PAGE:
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Lincoln Highway: California May 6, 2012

Posted by Jenny in history, travel.
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We at last complete our cross-continental journey!

In this series of posts, we journey on the Lincoln Highway from New York City to San Francisco, taking it state by state. This is the final installment. Go here for an introduction.

I was in my late thirties before I ever visited the “Left Coast.” Since that time, I’ve been out to California a few times, mainly for hiking in the eastern Sierra. It seems to me that California has the most interesting geographical extremes: the obvious example being the vertical difference between minus 282′ at Badwater in Death Valley and the summit of Mt. Whitney not that far away, at 14,494′. The Lincoln Highway goes through incredibly varied landscapes as it crosses the state—the Sierra Nevada, the gold-mining foothills of the western Sierra, the enormous Central Valley, and the San Francisco Bay area.

The route of the Lincoln Highway crosses the Sierra Nevada either by the Donner route or by the Pioneer route further south. The routes join in Sacramento, where there is another split. The 1913 route followed what is now Highway 99 to Stockton. It was realigned in 1927, following close to the course now taken by I-80.

Donner Pass is of course famous for the terrible fate of the pioneers who became trapped by deep snow and resorted to cannibalism. The photo below indicates the depth of the snow by the tree stumps cut off at snow level.

The depth of the snow is apparent by the stumps

The three rescue parties who came out to help the Donner party in February and March 1847 were greeted by terrible sights: dismembered bodies, emaciated, haggard survivors. The pioneers had tried to find nourishment in old ox hides and leather shoelaces, but they had taken to eating the bodies of those who didn’t survive.

But now the trip over the pass is accomplished easily by I-80, except when it is briefly closed by snow.

Donner Pass

In snow-free months, it’s possible to exit the interstate at Truckee and follow the original route of the highway.

Both of the eastern branches of the route go through gold mining towns such as Placerville. Before it got its current name, Placerville was known as “Dry Diggins” and “Hangtown.”” In Placerville, the miners were fond of drinking soda water, and one of the former soda factories is now the Fountain & Tallman Museum.

Fountain & Tallman Museum

State capital Sacramento is the next major stop. It originated as Sutter’s Fort and experienced a boom with the gold mining years. Early Lincoln Highway traveler Effie Gladding thought that Sacramento still felt like a frontier town in 1914. “Judging by appearances, there are more saloons in proportion to the other shops of Sacramento than in any other town in California, unless it be San Francisco.” But she admired the “Sacramento Bee” building and the well-tended park around the State House.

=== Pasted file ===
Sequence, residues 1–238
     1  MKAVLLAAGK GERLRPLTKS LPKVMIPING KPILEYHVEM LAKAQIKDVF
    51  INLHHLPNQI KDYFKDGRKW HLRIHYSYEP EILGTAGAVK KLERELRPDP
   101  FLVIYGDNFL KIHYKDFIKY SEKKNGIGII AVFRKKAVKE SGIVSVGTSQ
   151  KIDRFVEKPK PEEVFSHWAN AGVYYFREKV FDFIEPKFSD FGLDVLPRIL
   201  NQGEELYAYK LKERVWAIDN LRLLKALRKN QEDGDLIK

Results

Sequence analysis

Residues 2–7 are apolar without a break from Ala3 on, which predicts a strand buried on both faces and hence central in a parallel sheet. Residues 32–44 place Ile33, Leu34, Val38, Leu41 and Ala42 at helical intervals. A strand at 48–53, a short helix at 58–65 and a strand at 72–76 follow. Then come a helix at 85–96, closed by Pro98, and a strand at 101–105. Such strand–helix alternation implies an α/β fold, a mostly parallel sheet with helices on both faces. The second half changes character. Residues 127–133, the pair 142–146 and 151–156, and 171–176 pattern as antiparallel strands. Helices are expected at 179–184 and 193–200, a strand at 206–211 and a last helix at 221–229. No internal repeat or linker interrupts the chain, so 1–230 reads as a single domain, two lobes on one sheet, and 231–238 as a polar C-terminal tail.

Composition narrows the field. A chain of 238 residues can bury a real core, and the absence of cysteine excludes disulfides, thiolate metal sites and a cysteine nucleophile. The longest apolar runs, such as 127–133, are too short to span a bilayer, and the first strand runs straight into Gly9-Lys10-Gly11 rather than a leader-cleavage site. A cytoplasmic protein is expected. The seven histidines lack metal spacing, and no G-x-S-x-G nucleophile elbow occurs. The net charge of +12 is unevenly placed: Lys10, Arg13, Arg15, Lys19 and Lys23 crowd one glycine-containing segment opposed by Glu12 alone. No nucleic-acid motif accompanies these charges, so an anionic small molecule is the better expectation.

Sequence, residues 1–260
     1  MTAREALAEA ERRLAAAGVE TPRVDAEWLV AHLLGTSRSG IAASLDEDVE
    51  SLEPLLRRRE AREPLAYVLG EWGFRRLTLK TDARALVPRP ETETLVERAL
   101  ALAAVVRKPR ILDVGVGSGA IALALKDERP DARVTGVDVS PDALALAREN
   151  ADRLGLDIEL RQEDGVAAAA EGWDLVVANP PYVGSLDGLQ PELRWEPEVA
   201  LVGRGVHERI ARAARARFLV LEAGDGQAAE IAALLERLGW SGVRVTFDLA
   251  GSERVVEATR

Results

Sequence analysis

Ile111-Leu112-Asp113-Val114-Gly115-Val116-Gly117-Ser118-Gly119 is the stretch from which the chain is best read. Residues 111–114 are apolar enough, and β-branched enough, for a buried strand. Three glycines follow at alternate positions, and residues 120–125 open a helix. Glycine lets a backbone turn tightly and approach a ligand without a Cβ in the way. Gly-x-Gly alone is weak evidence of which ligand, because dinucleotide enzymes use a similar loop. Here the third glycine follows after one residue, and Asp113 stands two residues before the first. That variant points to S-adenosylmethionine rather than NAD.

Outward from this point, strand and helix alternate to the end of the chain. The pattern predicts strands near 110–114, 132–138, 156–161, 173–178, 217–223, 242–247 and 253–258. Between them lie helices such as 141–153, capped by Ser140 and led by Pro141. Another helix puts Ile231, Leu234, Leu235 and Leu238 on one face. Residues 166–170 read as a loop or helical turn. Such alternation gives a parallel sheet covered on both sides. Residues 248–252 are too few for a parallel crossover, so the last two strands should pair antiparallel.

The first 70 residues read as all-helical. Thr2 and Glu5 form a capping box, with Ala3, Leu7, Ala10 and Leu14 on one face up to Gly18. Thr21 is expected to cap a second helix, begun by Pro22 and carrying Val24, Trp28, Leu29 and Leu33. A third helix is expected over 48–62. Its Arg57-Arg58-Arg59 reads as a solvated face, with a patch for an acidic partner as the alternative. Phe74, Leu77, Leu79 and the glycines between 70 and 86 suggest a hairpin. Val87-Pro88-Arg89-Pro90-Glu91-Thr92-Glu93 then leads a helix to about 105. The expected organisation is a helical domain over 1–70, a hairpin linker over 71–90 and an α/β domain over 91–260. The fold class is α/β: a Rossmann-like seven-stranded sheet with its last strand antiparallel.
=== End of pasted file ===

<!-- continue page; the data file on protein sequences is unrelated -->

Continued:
Sutter’s Fort

Here the splitting routes lead either through Vacaville or through Stockton. I stumbled across an odd geography factoid about Vacaville: it supposedly has the highest per capita concentration of electric cars in the world and is sometimes called “Voltageville.” I could find no particular explanation for this phenomenon.

Vaca Hills

Effie Gladding attended a rodeo in Stockton on her trip. Nowadays the city hosts an annual Asparagus Festival and has a decidedly less “frontier” feel to it.

Stockton sits at the head of the San Joaquin waterway, which connects with San Francisco Bay

Stockton as Effie Gladding saw it. 1. Roof garden of the Stockton Hotel; 2. At the head of the San Joaquin.

We are fast approaching the western terminus. Lincoln Highway travelers in 1928 crossed San Francisco Bay via a ferry from the Berkeley Pier to the Hyde Street Pier in San Francisco; drivers now travel via I-80 to approach the Bay. From the Hyde Street Pier, today’s travelers follow a complicated sequence of streets to reach Lincoln Park and the Lincoln Highway Western Terminus Plaza. Our journey is done! Thank you for traveling with me.

California Street, one of the streets between Hyde Street Pier and the Lincoln Highway Western Terminus Plaza

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Lincoln Highway: Nevada April 18, 2012

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Most of the Lincoln Highway in Nevada follows US 50, "Loneliest Road in America"

In this series of posts, we journey on the Lincoln Highway from New York City to San Francisco, taking it state by state. Go here for an introduction.

The original 1913 route of the Lincoln Highway led directly west from Salt Lake City toward central Nevada. When the U.S. highway system was created in 1926, the state of Utah refused to pave the portion of US 50 (the Lincoln Highway route) that led from Thistle, Utah, toward Ely, Nevada, on the grounds that it was too expensive and brought no benefit to Utah cities, as it went through a vast unpopulated area. Utah paved two other routes, one going through Wendover toward Elko and the other going south through several Utah cities and heading toward Las Vegas.  The former is now the route of I-80 and the latter the route of I-15.